We propose a detailed description of authentication and authorization mechanisms existing in Ethereum, Quorum, Hyperledger Fabric and Corda. Information is retrieved from official documentation and completed by several experiments that test the expected behaviors, describe unclear or lacking implementation aspects, evaluate the frequency of some attacks and disclose official sample scripts default parameters. We define a general threat model for blockchain authentication and authorization schemes and assess the security of each platform with regard to this model. Finally, we provide hardening guidelines in order to help users prevent the stated vulnerabilities when possible.
Blockchain based approach for preserving car maintenance history, source code
Iva Najdenova – Master thesis
Fighting frauds in the automotive industry is an ongoing challenge. Concerned by this problem are not only the owners and potential buyers of second-hand vehicles, but also entities like insurance companies, garages, car dealers, police etc. In our work, we present a solution for establishing trust between these parties, by keeping records of repairs and maintenance car checks in a decentralized ledger. For this proof of concept, we use the ByzCoin blockchain protocol together with the Calypso framework, which provides a secure way of storing and sharing confidential data over a blockchain with dynamic management of access policies and ownership of the vehicle’s biography. The conducted evaluation of our implementation shows that the system works correctly also with larger networks, and up to 500 simultaneous car enrollments or report submissions.
Transactions in ByzCoin
Pablo Lorenceau – Master semester project
Distributed legder technology is gaining traction in many applications, first and foremost in decentralized payment systems such as e.g. Bitcoin. This adaption imposes challenges on the scalability of such systems, both in total transaction throughput, as well as in the number of participating processing nodes.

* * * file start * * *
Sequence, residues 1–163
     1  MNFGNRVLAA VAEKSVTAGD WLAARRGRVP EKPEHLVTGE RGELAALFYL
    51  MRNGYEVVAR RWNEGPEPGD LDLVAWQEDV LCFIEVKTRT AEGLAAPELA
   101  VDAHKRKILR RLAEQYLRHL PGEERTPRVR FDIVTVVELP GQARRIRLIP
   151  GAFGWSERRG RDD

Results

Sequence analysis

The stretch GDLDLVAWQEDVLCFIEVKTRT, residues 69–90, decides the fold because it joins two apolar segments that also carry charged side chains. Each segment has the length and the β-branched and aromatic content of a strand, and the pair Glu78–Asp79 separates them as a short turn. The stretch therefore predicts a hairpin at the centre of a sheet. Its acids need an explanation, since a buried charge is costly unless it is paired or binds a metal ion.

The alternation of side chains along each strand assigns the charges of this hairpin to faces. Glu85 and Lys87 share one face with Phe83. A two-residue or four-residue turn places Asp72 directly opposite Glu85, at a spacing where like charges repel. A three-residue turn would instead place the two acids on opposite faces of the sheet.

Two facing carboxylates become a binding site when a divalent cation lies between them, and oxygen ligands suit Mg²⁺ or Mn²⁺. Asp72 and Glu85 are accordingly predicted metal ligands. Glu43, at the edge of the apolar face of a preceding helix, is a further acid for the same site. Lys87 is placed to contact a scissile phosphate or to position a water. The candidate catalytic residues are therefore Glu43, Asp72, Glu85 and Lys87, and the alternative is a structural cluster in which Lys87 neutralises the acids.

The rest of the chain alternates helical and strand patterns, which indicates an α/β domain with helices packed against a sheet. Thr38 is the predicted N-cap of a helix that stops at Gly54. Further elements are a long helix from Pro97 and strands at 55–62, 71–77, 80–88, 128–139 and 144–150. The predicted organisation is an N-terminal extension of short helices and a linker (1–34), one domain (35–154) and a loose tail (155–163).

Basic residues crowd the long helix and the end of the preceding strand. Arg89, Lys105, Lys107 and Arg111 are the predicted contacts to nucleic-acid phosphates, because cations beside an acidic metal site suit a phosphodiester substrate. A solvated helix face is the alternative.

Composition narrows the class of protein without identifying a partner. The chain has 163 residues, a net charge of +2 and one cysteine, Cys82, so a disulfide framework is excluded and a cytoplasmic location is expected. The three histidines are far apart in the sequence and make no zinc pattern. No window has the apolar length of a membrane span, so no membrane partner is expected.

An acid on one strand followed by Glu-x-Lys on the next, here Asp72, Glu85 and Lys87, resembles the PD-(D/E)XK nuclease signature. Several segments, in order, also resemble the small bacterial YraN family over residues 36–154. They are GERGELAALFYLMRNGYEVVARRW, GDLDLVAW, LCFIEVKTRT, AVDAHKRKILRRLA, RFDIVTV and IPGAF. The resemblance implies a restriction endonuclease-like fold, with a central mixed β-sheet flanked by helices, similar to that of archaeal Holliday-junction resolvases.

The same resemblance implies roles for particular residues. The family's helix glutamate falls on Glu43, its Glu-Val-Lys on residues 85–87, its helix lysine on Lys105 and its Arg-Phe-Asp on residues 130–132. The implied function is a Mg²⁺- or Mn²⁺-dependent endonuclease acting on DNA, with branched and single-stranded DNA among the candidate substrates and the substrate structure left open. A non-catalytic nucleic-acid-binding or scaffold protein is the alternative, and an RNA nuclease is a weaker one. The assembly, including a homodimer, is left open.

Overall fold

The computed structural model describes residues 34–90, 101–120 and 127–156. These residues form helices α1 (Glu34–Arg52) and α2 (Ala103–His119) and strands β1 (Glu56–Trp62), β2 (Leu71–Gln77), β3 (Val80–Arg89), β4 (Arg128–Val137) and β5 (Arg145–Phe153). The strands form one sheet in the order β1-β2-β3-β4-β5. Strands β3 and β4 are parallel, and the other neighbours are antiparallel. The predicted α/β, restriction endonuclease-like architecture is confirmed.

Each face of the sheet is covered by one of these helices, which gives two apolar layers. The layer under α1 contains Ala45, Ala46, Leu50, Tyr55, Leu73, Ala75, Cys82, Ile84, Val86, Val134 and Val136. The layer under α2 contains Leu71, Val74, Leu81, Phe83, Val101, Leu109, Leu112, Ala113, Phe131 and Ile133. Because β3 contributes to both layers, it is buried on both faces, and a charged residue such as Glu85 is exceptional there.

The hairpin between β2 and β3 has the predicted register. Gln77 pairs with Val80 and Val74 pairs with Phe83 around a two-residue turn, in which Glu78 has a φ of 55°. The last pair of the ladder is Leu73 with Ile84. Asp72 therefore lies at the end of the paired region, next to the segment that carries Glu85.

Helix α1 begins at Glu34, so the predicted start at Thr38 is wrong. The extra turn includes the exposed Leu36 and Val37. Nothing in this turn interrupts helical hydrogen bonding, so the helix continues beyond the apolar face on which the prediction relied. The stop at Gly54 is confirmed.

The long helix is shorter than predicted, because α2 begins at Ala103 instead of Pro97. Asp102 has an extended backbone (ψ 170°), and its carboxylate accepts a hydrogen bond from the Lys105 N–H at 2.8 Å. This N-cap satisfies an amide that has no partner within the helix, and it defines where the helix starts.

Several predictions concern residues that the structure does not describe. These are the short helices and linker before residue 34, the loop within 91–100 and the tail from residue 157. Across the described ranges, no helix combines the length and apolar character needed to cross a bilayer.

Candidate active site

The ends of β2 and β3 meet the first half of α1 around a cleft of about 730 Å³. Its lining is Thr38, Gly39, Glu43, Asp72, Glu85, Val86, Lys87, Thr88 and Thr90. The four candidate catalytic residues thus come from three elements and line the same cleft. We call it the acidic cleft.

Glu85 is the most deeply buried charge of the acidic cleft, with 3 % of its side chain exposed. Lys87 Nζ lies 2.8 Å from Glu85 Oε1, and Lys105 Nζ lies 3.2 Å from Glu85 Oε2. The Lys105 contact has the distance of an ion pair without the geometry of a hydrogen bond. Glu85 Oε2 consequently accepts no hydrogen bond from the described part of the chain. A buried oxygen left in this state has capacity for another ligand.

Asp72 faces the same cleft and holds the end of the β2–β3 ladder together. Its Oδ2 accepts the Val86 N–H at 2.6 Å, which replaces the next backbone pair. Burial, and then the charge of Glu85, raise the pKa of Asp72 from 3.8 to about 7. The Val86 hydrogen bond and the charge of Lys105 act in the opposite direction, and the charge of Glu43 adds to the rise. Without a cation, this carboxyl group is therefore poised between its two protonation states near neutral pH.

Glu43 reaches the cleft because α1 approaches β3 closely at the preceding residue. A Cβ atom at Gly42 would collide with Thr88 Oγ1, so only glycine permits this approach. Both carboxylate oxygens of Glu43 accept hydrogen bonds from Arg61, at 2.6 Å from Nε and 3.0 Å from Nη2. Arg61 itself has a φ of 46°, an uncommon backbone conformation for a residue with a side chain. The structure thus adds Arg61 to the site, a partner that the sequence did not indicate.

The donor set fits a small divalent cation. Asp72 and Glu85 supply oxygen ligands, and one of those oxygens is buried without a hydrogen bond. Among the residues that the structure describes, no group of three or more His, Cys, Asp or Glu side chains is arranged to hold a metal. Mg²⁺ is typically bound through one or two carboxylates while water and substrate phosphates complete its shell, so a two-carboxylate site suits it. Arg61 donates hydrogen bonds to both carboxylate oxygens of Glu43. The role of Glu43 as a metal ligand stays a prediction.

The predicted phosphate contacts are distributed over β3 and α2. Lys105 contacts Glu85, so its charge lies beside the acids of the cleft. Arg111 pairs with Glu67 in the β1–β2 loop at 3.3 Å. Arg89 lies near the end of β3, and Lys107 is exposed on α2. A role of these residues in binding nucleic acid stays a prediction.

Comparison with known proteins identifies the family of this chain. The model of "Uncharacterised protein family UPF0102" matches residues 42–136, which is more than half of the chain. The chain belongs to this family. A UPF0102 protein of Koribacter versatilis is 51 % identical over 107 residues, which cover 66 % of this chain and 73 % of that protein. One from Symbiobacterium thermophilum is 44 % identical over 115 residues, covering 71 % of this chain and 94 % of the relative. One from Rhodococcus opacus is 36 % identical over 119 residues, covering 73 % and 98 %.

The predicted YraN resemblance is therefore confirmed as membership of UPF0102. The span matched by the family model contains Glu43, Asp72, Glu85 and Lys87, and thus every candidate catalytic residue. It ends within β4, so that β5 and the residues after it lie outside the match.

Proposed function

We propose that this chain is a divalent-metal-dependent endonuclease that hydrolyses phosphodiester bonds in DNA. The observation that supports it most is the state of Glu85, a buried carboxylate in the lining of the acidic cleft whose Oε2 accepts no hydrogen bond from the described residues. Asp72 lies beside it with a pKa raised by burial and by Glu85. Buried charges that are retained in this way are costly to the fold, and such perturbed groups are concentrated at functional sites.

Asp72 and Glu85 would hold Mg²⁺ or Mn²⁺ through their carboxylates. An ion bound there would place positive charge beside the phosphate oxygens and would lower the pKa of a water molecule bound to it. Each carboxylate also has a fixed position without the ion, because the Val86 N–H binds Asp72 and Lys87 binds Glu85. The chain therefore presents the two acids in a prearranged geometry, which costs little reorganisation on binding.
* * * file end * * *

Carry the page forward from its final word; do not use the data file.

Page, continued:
This report describes the implementation of OmniLedger, a scalable blockchain with a flexible user interface. We will first describe the necessary background in 2 and discuss how OmniLedger improves on the current state of blockchain technology.
Consensus in ByzCoin
Raphael Dunant – Optional semester project
The purpose of this project is to implement and improve blockchains storage and transactions of accounts, and witness validation of those operations. More precisely, this project has two objectives. The first objective is to add a documented transaction batching library to Omniledger. The second objective is to improve ByzcoinX, by reducing the running time in the most frequent situations by a large factor. This project’s main purposes are the following: • Have clear and reusable code for current and future projects. • Make ByzcoinX more efficient for encouraging its use. The next section will present Omniledger, the blockchain for which all of those technologies are implemented and Merkle trees, a data structure that is the basis upon which transactions are done.